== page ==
Affiliation: Tohoku University, Sendai 980-8577, Japan.

ABSTRACT
Chemically ordered hard magnetic L10-FeNi phase of higher grade than cosmic meteorites is produced artificially. Present alloy design shortens the formation time from hundreds of millions of years for natural meteorites to less than 300 hours. Electron diffraction detects four-fold 110 superlattice reflections and a high chemical order parameter (S  0.8) for the developed L10-FeNi phase. The magnetic field of more than 3.5 kOe is required for the switching of magnetization. Experimental results along with computer simulation suggest that the ordered phase is formed due to three factors related to the amorphous state: high diffusion rates of the constituent elements at lower temperatures when crystallizing, a large driving force for precipitation of the L10 phase, and the possible presence of L10 clusters. Present results can resolve mineral exhaustion issues in the development of next-generation hard magnetic materials because the alloys are free from rare-earth elements, and the technique is well suited for mass production.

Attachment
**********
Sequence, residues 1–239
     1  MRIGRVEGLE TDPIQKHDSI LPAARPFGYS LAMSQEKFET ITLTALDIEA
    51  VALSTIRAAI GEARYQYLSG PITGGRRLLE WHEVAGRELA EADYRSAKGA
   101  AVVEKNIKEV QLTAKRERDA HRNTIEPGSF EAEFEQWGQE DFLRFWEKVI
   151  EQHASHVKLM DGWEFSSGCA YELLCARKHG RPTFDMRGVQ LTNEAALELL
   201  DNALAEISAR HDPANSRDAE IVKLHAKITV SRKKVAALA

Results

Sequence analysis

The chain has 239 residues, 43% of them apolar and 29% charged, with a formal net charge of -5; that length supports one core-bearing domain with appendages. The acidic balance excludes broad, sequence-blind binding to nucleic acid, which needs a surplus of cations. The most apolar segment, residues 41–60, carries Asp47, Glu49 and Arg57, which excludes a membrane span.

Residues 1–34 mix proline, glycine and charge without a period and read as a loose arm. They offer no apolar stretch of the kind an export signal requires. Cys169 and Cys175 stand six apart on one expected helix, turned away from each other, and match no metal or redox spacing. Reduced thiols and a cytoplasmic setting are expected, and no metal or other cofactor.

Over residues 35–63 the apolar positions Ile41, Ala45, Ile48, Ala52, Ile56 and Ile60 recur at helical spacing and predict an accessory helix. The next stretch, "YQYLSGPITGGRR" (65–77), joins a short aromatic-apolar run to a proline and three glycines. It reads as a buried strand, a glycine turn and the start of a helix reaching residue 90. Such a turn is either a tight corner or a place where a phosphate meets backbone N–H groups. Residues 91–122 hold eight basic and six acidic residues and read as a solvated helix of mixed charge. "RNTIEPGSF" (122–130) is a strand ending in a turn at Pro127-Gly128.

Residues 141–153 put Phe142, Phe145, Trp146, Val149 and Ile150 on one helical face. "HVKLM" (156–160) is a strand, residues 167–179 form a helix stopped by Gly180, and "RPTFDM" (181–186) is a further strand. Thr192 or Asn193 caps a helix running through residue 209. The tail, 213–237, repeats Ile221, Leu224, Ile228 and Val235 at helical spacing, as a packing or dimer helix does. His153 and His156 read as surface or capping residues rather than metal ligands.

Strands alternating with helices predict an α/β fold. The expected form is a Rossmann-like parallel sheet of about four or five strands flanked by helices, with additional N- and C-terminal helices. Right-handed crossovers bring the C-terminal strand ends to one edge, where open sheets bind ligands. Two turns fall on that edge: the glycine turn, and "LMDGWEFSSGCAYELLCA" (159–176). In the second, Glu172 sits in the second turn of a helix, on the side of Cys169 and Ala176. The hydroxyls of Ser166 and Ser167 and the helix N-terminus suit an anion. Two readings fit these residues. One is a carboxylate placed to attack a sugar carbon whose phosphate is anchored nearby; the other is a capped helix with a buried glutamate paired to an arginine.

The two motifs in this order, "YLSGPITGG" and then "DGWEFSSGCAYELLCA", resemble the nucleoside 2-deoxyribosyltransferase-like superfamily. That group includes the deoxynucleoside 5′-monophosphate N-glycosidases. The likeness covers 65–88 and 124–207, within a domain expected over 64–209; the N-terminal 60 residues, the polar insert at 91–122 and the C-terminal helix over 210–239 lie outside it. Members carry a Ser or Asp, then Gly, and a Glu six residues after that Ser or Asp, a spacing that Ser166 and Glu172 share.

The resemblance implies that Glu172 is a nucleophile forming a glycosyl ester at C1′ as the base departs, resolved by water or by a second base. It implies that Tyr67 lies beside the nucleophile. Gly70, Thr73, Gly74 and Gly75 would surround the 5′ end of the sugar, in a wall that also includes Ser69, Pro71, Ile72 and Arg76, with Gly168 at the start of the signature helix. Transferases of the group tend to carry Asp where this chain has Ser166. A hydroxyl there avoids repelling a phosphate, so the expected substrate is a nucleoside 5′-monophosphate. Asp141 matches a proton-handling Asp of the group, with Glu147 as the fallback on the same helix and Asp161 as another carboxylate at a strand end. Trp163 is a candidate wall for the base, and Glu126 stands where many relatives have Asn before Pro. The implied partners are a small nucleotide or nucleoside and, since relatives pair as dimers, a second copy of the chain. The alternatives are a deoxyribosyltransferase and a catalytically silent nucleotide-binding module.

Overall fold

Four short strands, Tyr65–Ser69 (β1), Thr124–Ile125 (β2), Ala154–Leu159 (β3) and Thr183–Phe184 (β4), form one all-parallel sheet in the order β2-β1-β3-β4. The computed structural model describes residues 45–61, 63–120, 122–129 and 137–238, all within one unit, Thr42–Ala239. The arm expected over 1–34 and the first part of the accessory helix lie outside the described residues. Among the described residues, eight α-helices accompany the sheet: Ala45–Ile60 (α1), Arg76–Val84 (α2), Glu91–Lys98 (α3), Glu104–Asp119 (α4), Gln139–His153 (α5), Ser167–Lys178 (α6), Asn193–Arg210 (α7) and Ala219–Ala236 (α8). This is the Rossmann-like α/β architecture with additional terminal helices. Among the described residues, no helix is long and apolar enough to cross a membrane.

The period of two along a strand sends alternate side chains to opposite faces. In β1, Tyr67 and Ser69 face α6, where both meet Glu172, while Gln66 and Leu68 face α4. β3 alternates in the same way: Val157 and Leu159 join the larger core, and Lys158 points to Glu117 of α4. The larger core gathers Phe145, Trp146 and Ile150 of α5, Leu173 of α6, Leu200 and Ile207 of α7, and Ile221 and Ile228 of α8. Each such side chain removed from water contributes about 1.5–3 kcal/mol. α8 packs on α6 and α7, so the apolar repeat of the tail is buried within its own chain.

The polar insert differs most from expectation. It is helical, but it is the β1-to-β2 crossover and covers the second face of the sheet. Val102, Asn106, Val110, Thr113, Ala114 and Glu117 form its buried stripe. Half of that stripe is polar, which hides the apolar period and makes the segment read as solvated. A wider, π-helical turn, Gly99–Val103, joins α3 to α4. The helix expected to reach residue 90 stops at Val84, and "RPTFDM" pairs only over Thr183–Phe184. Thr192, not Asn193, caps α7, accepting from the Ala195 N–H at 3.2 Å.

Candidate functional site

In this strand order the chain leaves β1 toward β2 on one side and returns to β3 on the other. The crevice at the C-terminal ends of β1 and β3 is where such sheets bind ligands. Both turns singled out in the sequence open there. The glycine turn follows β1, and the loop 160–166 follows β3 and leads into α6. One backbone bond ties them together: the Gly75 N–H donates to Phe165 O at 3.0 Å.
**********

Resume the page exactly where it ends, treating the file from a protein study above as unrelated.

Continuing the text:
No MeSH data available.


Related in: MedlinePlus